For the suits, that’s why going from Microsoft to Linux has had huge switching costs.
In the short-run, this could be a negative for Microsoft’s server sales.
It’s possible that the open-source community will find a way to tear up the code for better integration of Windows systems into pre-existing Linux-based networks.
(To clarify, Microsoft is not releasing free use of its code for other’s programs.
When a programmer codes, they are actually creating text files with instructions that are later translated into machine code by a program called a compiler.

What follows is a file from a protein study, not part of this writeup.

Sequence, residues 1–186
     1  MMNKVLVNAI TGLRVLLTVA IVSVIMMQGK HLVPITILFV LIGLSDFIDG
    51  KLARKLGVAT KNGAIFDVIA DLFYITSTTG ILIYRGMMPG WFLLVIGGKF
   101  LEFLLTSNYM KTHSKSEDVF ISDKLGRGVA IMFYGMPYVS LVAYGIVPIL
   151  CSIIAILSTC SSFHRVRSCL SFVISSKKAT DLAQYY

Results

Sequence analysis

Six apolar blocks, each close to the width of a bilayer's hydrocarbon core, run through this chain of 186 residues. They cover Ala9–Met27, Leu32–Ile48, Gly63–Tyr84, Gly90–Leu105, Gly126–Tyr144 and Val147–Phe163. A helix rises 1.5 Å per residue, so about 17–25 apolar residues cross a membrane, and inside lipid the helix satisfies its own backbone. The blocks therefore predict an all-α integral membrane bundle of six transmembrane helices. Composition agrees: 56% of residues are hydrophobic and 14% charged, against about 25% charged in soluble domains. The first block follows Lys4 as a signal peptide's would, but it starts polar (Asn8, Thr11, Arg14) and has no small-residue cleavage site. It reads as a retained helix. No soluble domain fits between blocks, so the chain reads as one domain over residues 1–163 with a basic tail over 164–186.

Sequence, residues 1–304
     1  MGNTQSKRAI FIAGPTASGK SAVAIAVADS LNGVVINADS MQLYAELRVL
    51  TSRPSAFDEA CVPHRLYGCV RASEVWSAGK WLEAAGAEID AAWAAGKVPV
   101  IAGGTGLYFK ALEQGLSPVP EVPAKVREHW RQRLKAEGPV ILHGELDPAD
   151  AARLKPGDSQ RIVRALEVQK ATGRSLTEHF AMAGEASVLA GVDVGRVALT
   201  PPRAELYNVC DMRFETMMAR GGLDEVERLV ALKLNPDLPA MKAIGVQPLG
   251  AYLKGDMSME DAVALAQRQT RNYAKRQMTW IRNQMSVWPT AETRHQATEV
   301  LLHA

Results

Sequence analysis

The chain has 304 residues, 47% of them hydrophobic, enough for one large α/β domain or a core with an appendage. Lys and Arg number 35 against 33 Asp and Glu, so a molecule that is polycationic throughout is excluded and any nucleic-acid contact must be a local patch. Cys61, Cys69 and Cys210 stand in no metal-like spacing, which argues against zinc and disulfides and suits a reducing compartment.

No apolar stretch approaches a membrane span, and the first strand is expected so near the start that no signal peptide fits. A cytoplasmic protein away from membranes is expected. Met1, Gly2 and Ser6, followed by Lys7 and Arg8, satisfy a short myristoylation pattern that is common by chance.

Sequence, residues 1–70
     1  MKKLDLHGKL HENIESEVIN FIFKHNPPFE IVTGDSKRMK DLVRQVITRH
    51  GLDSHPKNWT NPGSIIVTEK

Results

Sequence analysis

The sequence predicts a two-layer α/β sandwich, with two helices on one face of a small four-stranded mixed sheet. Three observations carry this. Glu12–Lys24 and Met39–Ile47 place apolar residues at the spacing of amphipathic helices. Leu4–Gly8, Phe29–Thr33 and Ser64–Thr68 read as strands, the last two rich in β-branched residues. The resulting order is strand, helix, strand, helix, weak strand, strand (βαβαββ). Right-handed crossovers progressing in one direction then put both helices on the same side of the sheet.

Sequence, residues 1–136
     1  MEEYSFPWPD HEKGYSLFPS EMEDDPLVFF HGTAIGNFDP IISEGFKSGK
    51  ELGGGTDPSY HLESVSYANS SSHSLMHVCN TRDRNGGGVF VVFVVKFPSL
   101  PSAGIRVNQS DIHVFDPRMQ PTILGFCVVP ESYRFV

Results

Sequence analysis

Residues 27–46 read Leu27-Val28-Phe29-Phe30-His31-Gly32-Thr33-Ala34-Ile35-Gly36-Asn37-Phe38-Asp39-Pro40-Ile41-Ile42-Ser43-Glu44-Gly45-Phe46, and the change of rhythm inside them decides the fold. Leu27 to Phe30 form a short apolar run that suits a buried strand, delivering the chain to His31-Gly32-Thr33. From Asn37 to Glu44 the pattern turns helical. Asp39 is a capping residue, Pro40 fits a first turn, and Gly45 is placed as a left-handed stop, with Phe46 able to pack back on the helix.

That machine code is what is usually packaged up and licensed to software clients.
The open-source community has investigated things like proprietary file formats, but the actual details of things like how the operating system writes to hard drives is difficult to determine.
For the techies, that’s why NTFS format partitions still aren’t usually mounted read-write in Linux.
Outsourcing The reversal of Microsoft’s closed-source policy is likely to open the floodgates for malware.
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Microsoft (MSFT) Wednesday said it would reveal the source code for Windows Server software, in order to comply with the European Commission’s 2004 anti-trust decision.
Brussels has hoped that the requirement would herald a new openness in Redmond, but it’s more likely to open the floodgates for malware.